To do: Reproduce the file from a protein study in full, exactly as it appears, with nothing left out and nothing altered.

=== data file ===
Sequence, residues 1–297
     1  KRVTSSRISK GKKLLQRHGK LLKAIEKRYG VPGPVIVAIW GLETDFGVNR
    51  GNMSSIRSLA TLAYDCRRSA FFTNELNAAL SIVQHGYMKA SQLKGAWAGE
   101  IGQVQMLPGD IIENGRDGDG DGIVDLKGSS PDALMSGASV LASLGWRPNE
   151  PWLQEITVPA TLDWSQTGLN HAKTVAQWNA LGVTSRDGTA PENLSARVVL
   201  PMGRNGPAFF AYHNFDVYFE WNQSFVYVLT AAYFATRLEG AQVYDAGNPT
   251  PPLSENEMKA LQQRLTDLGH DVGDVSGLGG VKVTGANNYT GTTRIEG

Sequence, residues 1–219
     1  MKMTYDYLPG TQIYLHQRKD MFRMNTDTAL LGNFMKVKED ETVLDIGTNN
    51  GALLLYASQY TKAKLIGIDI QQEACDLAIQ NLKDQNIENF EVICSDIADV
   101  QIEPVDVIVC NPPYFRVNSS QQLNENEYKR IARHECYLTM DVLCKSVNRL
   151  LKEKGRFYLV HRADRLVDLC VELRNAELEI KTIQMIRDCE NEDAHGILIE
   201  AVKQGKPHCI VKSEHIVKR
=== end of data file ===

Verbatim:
Sequence, residues 1–297
     1  KRVTSSRISK GKKLLQRHGK LLKAIEKRYG VPGPVIVAIW GLETDFGVNR
    51  GNMSSIRSLA TLAYDCRRSA FFTNELNAAL SIVQHGYMKA SQLKGAWAGE
   101  IGQVQMLPGD IIENGRDGDG DGIVDLKGSS PDALMSGASV LASLGWRPNE
   151  PWLQEITVPA TLDWSQTGLN HAKTVAQWNA LGVTSRDGTA PENLSARVVL
   201  PMGRNGPAFF AYHNFDVYFE WNQSFVYVLT AAYFATRLEG AQVYDAGNPT
   251  PPLSENEMKA LQQRLTDLGH DVGDVSGLGG VKVTGANNYT GTTRIEG

Sequence, residues 1–219
     1  MKMTYDYLPG TQIYLHQRKD MFRMNTDTAL LGNFMKVKED ETVLDIGTNN
    51  GALLLYASQY TKAKLIGIDI QQEACDLAIQ NLKDQNIENF EVICSDIADV
   101  QIEPVDVIVC NPPYFRVNSS QQLNENEYKR IARHECYLTM DVLCKSVNRL
   151  LKEKGRFYLV HRADRLVDLC VELRNAELEI KTIQMIRDCE NEDAHGILIE
   201  AVKQGKPHCI VKSEHIVKR